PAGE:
Migraines are headaches that bring not only severe pain but other highly unpleasant symptoms.
Did you know that these headaches are especially common in women? In fact, migraines are three times more likely to strike women than men, and girls are more likely to experience migraines at the time of their first menstrual period, and endure them more frequently after puberty.
That makes it no surprise that some women get relief from migraines when they’re able to manage their hormones.
Migraines are a type of intense, recurring headache. They can cause extreme pain that lasts for hours, sometimes even days. Sensory symptoms like sensitivity to light and sound, as well as visual disturbances, usually strike before other symptoms. Migraines cause moderate to severe throbbing or pulsing, usually on one side of the head.
You may experience other symptoms with a migraine, including:
An estimated 18% of women, compared with 6% of men, are living with migraines. The impact of hormones shows up not just around menstruation; women find that hormonal contraception, pregnancy, and menopause also influence migraine symptoms.
Researchers are studying the role of hormones in migraines, and while the exact reason hormones impact migraines remains a mystery, studies suggest that fluctuations in the hormone estrogen may contribute to their development.
Women who get migraines tend to notice symptoms right before menstruation starts. This is a time when estrogen levels dip. However, a study published in the 2016 issue of the journal Neurology found that estrogen levels drop faster than normal in women who get migraines. The rapid drop in estrogen may trigger migraine attacks.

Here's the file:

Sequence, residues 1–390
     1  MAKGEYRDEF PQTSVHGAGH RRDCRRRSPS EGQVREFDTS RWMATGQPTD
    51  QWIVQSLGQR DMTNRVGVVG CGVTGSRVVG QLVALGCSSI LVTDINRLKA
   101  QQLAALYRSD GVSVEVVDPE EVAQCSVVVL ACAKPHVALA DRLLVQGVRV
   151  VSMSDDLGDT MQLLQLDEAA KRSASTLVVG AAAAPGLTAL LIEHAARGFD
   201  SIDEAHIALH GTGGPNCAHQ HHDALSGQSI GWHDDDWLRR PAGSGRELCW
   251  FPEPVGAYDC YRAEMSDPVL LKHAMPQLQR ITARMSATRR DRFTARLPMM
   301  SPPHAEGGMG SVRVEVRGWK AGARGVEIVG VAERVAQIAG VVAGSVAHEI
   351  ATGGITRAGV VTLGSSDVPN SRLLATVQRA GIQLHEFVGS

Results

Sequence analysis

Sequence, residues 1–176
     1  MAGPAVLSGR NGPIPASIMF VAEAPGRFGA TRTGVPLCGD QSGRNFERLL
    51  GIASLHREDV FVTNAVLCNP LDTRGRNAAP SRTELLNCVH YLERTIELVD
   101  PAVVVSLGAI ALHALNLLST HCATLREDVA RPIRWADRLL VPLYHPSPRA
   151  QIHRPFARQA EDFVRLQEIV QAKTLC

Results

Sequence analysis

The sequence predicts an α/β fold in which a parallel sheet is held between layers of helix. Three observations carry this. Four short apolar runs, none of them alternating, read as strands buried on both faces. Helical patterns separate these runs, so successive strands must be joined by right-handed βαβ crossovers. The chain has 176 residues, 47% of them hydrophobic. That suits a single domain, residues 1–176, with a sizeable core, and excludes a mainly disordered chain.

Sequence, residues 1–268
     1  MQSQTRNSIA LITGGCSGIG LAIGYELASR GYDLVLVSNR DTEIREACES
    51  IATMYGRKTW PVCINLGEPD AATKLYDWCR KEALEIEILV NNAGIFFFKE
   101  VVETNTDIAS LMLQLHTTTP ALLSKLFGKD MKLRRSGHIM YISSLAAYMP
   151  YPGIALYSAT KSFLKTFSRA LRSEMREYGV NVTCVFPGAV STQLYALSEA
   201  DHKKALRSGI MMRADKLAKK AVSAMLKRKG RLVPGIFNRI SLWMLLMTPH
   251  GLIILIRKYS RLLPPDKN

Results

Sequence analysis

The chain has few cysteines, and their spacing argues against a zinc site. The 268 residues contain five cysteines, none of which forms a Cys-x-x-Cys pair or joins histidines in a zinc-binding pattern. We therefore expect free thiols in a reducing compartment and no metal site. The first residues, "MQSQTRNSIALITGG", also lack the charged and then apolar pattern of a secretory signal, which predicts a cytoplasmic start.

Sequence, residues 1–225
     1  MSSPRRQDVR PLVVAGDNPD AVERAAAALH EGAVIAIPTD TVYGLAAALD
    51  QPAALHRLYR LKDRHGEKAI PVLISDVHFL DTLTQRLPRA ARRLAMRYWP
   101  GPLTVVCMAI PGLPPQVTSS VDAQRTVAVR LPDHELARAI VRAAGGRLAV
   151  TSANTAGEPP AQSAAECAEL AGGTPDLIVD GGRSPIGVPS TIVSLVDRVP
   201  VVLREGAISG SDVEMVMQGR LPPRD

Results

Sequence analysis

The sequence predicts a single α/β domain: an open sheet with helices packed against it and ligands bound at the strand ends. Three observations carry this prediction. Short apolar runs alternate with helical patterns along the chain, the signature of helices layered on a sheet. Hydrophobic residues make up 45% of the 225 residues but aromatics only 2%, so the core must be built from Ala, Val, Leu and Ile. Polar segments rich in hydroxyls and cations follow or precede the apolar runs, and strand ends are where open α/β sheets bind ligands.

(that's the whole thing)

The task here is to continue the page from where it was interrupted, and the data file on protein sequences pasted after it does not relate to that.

This type of migraine strikes two days before and up to three days after menstruation starts. It’s estimated that up to 60% of women who get migraines get menstrual migraines, and many of these women experience migraines at other times of the month as well.
Birth control pills are an extremely common form of contraception. There is a link between hormonal contraception and migraine attacks. Some women experience their first migraine when they begin hormonal contraception.
In other cases, women who get migraines find that their symptoms worsened once they started birth control pills.
Conversely, a small group of women who get migraines find that their migraine symptoms lessen after beginning hormonal contraception. If you suffer from migraines, it doesn’t automatically mean that your symptoms will worsen if you choose hormonal contraception.
If you have migraines, talk to your doctor about the potential impact of hormonal birth control on your migraine symptoms. Mention it to your doctor if your migraine symptoms have worsened since starting hormonal birth control.
Hormonal changes during pregnancy can affect migraine symptoms as well. Estrogen levels rise during pregnancy, and many women find that their migraine symptoms lessen.
Unfortunately, postpartum migraines are common. Those estrogen levels drop back again after pregnancy, possibly triggering or worsening migraine symptoms in some women.
During the years when your body transitions to menopause, a time characterized by intense hormonal fluctuations, migraine symptoms typically worsen.
However, once women reach the end of their reproductive years, we find that migraine symptoms let up significantly. In fact, close to 70% of women who suffer from migraines experience improvement or complete relief once they reach menopause.
Regardless of their cause, migraines can greatly interfere with work, school, and your daily activities. At Southern Crescent Women’s HealthCare, our expert team can work with you to get to the bottom of your migraines and continue to provide an array of women’s health services.
Reach out to one of our offices in Fayetteville, Newnan, or Stockbridge to schedule an appointment. Give us a call, send us a message here on our website, or use the convenient online booking tool.